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2 management strategy and Priority setting iNTrodUcTioN among one another through the 21CTP information sharing infrastructure to coordinate efforts and ensure that valuable The official technology goals of the 21st Century Truck research results are communicated and that overlap of activi- Partnership (21CTP), set out in the official Roadmap and ties is reduced. Technical White Papers document (DOE, 2006, pp. 1, 54), Figure 2-1 illustrates the interrelation among the key cover Engines, Heavy-Duty Hybrids, Parasitic Losses, parties in setting research programs. Government agencies Engine Idle Reduction, and Safety. request funding from Congress through the administration, As part of its review, the committee received presenta- and work with the industrial partners and research organi- tions by participating agencies (DOE, DOT, DOD, and EPA) zations (including universities and federal laboratories) to and industrial partners. These presentations raised concerns establish research programs that meet national priorities and about the program’s overall effectiveness, funding variations, the interests of industry partners. However, final funding priority setting, partnership performance, etc. The committee levels are determined by congressional appropriations. decided to further explore these management and process In the case of the DOE, technology programs are devel- issues. Information requests were submitted to the partner- oped to meet a cascading series of goals that begin at the ship participants. In addition, a detailed questionnaire was President’s National Energy Plan and culminate (at the prepared, and private interviews were conducted to develop program level) with specific technology goals. Figure 2-2 a better understanding of three areas: illustrates that pattern schematically. • 21CTP Program Management • Prioritization of Projects • Performance of Industry Partnership In this chapter the committee reviews each of these areas and reports its findings and recommendations. ProGram maNaGemeNT Overall management for the Partnership currently rests with the FreedomCAR and Vehicle Technologies (FCVT) Program of DOE, in the Office of Energy Efficiency and Renewable Energy. DOE personnel organize meetings and conference calls, maintain the information flow infrastruc- ture (Web sites, e-mail lists, etc.), and lead the discussions for and preparation of the updated 21CTP Roadmap and White Papers, laying out Partnership goals (DOE, 2006). Manage- FIGURE 2-1 Interrelationships among 21CTP participants. ment for individual projects under the 21CTP umbrella SOURCE: DOE, FCVT, Responses to Committee Queries on Fig 2-1, bitmapped 21CTP, Management and Process Issues, transmitted via e-mail by rests with the individual federal agencies that have funded Ken Howden, March 27, 2007, p. 2. the work. These agencies are intended to communicate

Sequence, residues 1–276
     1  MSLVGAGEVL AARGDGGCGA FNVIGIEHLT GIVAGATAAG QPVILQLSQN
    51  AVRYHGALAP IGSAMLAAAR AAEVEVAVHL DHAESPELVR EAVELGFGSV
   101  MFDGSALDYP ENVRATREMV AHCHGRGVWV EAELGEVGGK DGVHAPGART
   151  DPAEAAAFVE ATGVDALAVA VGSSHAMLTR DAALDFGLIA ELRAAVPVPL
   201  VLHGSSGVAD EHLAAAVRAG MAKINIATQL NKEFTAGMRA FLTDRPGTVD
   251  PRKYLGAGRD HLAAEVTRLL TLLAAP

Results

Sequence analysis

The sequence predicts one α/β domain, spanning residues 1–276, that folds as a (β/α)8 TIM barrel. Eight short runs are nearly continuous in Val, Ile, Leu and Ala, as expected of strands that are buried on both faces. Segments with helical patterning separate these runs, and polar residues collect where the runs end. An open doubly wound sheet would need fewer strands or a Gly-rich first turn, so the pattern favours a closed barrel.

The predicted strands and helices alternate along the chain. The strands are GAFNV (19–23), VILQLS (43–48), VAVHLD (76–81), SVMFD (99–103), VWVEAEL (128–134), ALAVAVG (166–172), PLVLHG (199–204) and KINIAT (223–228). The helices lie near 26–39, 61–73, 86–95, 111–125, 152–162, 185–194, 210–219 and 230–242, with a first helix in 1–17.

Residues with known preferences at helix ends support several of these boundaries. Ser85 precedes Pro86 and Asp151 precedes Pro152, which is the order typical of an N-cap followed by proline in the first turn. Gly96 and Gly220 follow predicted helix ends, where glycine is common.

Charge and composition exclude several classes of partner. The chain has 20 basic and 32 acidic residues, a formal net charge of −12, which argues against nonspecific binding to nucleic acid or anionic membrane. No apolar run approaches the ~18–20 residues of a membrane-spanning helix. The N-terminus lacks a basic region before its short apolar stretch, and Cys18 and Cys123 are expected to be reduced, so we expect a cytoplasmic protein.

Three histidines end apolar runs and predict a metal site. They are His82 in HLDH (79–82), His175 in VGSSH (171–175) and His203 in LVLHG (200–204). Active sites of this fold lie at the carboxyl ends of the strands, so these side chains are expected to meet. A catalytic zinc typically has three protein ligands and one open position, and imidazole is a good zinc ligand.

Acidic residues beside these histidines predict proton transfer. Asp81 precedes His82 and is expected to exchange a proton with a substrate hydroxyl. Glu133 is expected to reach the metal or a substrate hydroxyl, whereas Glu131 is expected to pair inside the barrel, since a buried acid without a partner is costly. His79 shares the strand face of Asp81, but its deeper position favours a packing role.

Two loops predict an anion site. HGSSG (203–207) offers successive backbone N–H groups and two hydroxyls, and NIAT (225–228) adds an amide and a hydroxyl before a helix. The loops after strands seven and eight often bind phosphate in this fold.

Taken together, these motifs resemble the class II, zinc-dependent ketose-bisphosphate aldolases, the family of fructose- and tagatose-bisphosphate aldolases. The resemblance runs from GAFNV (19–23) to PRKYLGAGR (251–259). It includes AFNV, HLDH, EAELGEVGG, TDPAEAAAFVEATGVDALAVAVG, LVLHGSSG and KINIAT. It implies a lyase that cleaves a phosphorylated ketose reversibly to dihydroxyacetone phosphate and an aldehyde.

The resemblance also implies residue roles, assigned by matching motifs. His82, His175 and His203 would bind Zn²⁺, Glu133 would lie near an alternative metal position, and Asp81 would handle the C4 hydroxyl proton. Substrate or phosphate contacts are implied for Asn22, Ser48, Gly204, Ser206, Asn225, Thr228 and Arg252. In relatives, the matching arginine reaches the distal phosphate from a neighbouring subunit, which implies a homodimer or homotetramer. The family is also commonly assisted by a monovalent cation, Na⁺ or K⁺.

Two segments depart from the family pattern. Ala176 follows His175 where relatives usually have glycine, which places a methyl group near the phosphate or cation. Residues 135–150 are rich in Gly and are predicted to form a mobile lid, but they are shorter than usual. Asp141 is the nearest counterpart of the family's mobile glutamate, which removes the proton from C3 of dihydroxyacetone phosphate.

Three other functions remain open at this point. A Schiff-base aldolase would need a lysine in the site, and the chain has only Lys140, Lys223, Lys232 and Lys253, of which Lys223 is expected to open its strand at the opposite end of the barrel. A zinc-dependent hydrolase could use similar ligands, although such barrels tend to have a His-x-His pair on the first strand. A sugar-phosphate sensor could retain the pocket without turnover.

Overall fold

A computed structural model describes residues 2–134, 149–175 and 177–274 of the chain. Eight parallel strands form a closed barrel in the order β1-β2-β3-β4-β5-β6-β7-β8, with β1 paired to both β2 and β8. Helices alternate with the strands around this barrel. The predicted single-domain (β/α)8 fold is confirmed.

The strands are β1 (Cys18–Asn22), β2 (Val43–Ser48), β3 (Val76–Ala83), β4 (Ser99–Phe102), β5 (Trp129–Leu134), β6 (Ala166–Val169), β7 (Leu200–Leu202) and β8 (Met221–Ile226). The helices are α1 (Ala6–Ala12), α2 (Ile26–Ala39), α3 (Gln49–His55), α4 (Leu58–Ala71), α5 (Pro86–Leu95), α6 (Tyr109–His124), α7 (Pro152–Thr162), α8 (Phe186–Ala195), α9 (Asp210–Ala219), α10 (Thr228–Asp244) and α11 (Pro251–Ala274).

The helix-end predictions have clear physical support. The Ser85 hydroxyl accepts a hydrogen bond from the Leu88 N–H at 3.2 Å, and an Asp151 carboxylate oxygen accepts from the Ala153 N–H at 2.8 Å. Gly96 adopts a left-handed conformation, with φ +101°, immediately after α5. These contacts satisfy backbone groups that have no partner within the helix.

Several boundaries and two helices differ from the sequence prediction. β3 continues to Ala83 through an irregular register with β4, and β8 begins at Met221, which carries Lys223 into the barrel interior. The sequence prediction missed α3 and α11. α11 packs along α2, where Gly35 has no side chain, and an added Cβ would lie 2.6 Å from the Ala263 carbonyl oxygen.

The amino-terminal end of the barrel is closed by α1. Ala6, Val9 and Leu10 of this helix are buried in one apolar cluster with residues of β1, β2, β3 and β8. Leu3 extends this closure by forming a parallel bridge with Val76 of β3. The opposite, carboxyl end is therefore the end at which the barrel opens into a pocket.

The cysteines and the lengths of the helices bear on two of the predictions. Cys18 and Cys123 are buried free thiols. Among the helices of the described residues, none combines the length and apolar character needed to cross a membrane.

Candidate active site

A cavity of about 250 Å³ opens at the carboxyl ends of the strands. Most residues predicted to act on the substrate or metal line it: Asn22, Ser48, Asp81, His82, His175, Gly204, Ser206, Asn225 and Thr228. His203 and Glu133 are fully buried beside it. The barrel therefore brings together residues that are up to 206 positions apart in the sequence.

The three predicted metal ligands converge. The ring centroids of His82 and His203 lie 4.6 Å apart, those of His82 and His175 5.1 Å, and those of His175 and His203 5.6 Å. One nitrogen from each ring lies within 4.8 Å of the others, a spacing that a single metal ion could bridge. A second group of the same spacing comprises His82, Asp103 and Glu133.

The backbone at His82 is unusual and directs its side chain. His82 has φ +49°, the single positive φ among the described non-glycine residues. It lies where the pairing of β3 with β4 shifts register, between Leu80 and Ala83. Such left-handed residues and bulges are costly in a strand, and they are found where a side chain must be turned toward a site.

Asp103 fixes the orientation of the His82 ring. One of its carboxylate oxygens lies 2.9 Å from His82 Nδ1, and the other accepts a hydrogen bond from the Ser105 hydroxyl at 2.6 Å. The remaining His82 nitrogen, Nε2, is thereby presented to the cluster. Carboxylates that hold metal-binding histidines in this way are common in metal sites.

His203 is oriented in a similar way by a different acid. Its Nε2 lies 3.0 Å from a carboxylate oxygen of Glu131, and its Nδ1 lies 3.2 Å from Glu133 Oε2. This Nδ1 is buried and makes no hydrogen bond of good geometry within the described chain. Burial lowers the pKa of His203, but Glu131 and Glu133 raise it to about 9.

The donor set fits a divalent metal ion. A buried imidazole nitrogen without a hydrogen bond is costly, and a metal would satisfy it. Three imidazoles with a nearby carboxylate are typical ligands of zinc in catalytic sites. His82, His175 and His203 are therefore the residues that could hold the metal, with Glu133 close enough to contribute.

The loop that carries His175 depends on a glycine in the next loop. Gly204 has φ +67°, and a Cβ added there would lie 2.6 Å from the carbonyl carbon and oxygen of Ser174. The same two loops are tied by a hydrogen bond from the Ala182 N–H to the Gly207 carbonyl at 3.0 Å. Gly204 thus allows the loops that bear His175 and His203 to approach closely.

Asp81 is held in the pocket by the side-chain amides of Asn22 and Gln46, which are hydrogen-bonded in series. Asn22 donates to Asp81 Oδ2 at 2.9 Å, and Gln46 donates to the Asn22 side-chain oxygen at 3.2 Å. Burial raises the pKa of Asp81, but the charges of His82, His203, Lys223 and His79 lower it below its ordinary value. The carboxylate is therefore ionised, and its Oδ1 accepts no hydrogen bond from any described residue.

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0 REVIEW OF THE ST CENTURY TRUCK PARTNERSHIP FIGURE 2-2 DOE goal-setting process. SOURCE: DOE, FCVT, Responses to Committee Queries on 21CTP, Management and Process Issues, transmitted via e-mail by Ken Howden, March 27, 2007, p. 2. DOE focuses its technology research2-2, bitmapped--typewill provide the possible-- Fig and development changes not basis for commercialization decisions. The (R&D) investments specifically in high-risk areas or activi- or government’s approach is intended to allow industry-wide can’t be easily altered improved ties with uncertain or long-term outcomes that are of national slide has text that can be edited? research, which is then collaboration in precompetitive perhaps the original interest but would most likely not be pursued by industry followed by competition in the marketplace. alone. Program activities include research, development, The Partnership provides a forum for technical informa- testing, technology validation, technology transfer, and tion exchange among the industry and government partners education. These activities are aimed at developing technolo- involved in heavy-duty transportation. At present, coordi- gies that could achieve significant improvements in vehicle nation of initiatives takes place as part of this information fuel consumption and displacement of oil by other fuels exchange. 21CTP holds regular meetings and conference that ultimately can be produced domestically in a clean and calls to exchange information and hold productive discus- cost-competitive manner. sions on technical topics. Specific areas in which the govern- In DOE vehicle research, which specifically addresses ment partners have already coordinated initiatives include the national issue of energy security and the increasing diesel fuel sulfur standard development (with coordination pressures of rising global consumption of oil, the FCVT between DOE and EPA on appropriate sulfur levels for low- Program has involved the affected industries in planning the sulfur diesel), idle reduction activities (cooperation between research agenda and identifying technical goals that, if met, EPA/DOT and their focus on deployment and DOE with